11 were photographed in the subway,

3 were professional models,
3 were people I'd known well through the media but never met,
7 were people with whom I didn't actually interact,
8 are complete lies and people I definitely know,
8 are people whom I'd never met before but now interact with regularly,

4 strangers asked me to take their photos before I could ask them,
19 strangers were subsequently spotted by people who read this blog.

Stranger 100!

Monday, April 09, 2007

Sunday, April 08, 2007

Saturday, April 07, 2007

Friday, April 06, 2007

Stranger 096

And I Thought My School Was Strict

13-Year-Old Arrested for Defacing School Desk.

A Few Numbers

Out of morbid curiosity, I spent a few minutes this morning going through my external hard drive and browsing my photo folders.

On May 13, 2006, I bought a Canon 30D digital SLR.

Since then, I've taken exactly 74,441 photos.

This means several things -- none of which are terribly important, but some of which are fairly worrisome.

If 328 days = 74,441 photos,
Then 1 day = 227 photos,
And 1 hour = 9.4 photos,
So every 6.35 minutes I take a photo.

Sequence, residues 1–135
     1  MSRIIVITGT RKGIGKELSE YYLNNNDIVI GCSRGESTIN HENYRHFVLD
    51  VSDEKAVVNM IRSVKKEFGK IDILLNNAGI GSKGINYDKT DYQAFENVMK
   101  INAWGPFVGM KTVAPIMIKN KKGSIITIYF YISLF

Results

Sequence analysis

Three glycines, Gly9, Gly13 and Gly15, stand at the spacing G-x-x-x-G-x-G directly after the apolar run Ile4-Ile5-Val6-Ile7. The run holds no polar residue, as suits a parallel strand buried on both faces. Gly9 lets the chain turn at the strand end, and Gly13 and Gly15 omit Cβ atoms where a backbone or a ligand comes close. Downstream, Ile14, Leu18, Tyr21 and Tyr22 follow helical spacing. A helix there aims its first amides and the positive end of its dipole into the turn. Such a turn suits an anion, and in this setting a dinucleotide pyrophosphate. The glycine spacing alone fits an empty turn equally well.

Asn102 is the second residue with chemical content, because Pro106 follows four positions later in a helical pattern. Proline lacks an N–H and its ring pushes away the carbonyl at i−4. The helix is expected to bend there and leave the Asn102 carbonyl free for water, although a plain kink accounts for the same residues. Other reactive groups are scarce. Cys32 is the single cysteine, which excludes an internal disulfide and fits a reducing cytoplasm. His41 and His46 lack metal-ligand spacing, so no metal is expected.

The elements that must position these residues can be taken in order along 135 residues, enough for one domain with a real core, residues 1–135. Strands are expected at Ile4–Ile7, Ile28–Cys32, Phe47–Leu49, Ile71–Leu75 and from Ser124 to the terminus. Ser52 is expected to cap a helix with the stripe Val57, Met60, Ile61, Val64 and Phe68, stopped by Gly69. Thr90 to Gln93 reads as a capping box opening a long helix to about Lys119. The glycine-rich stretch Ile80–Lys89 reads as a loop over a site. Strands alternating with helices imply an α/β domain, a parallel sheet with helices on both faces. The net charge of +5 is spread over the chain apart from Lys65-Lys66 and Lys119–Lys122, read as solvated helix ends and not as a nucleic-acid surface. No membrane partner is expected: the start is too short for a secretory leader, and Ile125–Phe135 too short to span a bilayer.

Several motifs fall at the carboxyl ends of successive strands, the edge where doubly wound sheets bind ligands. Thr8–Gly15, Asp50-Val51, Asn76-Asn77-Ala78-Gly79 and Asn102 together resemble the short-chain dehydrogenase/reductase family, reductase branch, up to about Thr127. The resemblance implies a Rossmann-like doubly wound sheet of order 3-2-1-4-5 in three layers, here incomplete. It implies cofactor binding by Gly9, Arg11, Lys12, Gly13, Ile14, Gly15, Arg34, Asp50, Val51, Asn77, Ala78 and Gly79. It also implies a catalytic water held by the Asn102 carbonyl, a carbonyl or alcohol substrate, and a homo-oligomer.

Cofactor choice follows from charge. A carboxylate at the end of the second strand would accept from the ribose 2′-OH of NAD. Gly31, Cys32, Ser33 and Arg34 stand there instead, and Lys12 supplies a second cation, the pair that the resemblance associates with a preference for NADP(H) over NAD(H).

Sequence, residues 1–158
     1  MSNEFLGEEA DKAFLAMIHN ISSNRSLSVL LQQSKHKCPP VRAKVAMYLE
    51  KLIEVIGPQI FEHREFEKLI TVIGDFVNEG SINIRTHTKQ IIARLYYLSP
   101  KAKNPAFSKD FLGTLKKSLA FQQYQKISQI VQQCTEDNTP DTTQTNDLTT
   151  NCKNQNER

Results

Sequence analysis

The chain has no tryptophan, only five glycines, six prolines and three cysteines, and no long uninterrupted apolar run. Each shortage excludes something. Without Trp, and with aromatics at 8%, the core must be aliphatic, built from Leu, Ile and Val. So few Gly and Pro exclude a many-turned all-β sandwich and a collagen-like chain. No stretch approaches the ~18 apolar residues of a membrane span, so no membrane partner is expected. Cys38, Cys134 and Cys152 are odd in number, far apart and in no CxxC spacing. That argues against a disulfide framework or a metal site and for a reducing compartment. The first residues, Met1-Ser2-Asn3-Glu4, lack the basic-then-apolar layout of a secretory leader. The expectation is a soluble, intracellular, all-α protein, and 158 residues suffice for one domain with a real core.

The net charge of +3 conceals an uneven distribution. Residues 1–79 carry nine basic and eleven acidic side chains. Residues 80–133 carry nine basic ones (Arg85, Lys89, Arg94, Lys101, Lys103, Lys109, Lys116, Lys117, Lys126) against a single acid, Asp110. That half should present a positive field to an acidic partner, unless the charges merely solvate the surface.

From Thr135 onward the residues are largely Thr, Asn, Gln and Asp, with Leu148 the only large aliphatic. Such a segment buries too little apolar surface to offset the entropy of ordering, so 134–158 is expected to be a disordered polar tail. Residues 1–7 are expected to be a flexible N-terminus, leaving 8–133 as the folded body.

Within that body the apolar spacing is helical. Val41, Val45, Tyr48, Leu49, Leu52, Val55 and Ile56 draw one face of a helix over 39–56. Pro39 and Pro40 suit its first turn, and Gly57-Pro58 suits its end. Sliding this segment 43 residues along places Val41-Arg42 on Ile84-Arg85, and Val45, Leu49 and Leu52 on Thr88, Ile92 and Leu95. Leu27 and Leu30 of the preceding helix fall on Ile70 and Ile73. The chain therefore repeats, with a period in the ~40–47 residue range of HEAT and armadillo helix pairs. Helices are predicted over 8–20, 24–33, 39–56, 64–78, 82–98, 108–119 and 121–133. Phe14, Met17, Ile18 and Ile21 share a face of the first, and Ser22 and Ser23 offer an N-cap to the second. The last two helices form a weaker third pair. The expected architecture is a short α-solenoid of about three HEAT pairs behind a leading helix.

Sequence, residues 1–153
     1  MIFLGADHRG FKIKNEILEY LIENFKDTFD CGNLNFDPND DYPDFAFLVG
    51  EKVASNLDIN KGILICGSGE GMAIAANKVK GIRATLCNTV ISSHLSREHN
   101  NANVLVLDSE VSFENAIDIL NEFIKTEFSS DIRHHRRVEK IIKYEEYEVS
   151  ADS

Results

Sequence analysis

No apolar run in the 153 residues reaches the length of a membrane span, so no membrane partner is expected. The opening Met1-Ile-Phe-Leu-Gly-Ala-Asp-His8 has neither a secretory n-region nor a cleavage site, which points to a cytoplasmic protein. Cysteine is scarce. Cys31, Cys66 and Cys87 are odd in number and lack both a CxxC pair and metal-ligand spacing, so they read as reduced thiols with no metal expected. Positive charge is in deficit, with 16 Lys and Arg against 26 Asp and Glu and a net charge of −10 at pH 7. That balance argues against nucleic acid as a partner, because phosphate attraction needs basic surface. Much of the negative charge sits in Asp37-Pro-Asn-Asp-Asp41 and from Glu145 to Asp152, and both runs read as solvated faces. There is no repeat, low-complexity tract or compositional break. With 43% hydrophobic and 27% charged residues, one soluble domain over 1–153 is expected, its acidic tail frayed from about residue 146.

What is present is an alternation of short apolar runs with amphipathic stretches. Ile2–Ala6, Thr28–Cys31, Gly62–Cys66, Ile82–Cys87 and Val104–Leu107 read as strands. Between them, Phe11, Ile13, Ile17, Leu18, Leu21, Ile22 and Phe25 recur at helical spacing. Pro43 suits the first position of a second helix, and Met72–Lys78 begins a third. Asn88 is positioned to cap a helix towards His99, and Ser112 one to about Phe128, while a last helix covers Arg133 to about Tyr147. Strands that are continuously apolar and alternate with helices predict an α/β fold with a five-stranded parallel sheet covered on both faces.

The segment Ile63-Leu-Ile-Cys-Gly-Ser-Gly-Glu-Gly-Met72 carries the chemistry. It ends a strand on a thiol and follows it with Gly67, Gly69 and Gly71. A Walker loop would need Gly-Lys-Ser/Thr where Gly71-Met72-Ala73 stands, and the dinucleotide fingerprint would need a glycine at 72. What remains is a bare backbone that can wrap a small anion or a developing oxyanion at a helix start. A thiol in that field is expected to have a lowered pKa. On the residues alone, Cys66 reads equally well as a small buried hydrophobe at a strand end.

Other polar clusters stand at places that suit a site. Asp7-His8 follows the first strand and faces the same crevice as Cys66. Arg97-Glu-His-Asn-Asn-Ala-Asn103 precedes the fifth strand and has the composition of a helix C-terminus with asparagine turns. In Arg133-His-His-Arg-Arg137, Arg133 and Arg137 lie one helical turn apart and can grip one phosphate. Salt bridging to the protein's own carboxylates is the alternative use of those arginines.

In and of itself, that bit of information isn't terribly concerning; I think everyone's become used to me lugging my camera wherever I go. But let's stop to consider that, as much as I'd like to, I can't actually be awake and with my camera 24/7. Assuming that I spend roughly a quarter of my life sleeping (a generous estimate, but we'll stick with it):

Then if 1 day = 227 photos,
And if I am awake for 18 hours a day,
1 hour = 12.6 photos,
So every 4.76 minutes I take a photo.

Getting stranger, but still manageable. But then we need to take into account that I actually have classes and jobs that probably would be less than thrilled with my constant shutterbugging. So 18 hours of class a week + 12 hours of work a week = another 4.3 hours missing from every day. Thus:

If 1 day = 227 photos,
And if I am awake and not at work or in class for 13.7 hours a day,
1 hour = 16.6 photos,
So every 3.61 minutes I take a photo.

But 13.7 hours a day is still a lot of free time (and I'm pretty positive I'm not just walking around with a camera that much on a daily basis). Let's say that I spend a total of 1.5 hours every day eating, another 3 hours a day at the Spectator office, and an hour a day working in the architecture studio. Then,

If 1 day = 227 photos,
And if I am awake and not working or eating for 8.2 hours a day,
1 hour = 27.7 photos,
So every 2.16 minutes I take a photo.


Thursday, April 05, 2007

Wednesday, April 04, 2007

Tuesday, April 03, 2007

Monday, April 02, 2007

Sunday, April 01, 2007

Stranger 091

April Fool's Day, Redux

Google's recently-released TiSP broadband service, however, is much more clever.


Seriously, Facebook ... the April Fool's Day jokes are a little creepy. (See also: "Two of your oxen drowned when you tried to ford the river." and "Harry and Voldemort have set their relationship status to "Mortal Enemies.'")